Bangladesh Myanmar Refugee Crisis

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Help a girl become a leader

For a girl growing up in a rural village of Myanmar, there is little choice for her future. She will usually work on the family farm or migrate to find domestic or factory work. This often happens at a very young age, which means she won’t have the chance to finish school.

As Myanmar opens up to the world after 50 years of military rule, new opportunities are emerging, along with new risks. It is vital that girls are equipped with the knowledge, skills and power to navigate these challenges and make informed life decisions.

Among the issues faced by girls in Myanmar:

  • More than half of the country’s 8 million teenage girls are not in school, with many girls dropping out to work or marry at a young age.
  • High rates of gender-based violence and trafficking/exploitation of girls and women.
  • Insufficient access to reproductive and basic health services.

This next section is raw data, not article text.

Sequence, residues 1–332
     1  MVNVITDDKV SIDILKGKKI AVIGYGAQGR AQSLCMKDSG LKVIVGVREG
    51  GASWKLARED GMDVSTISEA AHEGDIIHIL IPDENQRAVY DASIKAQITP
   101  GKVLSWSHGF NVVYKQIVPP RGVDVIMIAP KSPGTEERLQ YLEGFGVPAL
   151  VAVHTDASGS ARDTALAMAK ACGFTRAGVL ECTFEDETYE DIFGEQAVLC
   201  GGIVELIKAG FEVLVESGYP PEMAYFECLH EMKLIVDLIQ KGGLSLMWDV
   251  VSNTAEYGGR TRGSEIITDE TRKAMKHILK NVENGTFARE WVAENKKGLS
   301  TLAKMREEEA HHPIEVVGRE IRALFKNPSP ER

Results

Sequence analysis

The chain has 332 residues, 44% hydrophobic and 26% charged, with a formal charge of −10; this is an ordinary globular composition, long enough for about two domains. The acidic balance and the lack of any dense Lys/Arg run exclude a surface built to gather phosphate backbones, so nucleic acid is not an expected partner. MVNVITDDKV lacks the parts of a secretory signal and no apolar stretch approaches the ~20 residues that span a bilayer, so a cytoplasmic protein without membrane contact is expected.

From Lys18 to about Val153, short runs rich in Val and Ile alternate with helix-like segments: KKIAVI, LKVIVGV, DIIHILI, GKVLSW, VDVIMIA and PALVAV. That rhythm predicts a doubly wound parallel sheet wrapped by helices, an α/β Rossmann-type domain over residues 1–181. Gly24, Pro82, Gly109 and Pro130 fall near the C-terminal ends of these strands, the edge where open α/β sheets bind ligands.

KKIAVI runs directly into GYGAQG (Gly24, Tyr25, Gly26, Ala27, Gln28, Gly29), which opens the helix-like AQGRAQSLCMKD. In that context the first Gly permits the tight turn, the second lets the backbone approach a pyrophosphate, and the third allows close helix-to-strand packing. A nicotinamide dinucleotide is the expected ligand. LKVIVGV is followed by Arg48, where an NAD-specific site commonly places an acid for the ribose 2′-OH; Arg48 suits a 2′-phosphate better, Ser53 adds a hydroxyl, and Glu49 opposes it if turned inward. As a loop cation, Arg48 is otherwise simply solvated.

ChildFund is partnering with Girl Determined to give girls in Myanmar the education and support they need to overcome these challenges. A structured leadership and life-skills program has been developed that brings together adolescent girls from diverse ethnic and religious backgrounds to increase their access to education, health knowledge, participation in decision-making and personal development.

The curriculum spans everything from communication skills, teamwork and goal-setting to self-esteem, healthy relationships and diversity. Gender norms are also challenged through participation in sports, commonly not available to girls and young women in Myanmar.

“This program will contribute to long-term change for adolescent girls by building and strengthening their values, skills and social networks,” says ChildFund Myanmar country director Win May Htway. “These attributes enable girls to make a safe and healthy transition into adulthood.

“Creating dedicated, safe spaces for girls to meet through structured weekly activities is a key strategy of the program, so that they have opportunities to consult with mentors, acquire skills and deal with personal issues,” Ms Htway adds.

ChildFund aims to raise $100,000 from the MentorMe campaign to help 400 girls in Myanmar access the two-year program, designed to equip them with the skills, confidence and support systems they need to make informed life choices and determine their own futures.

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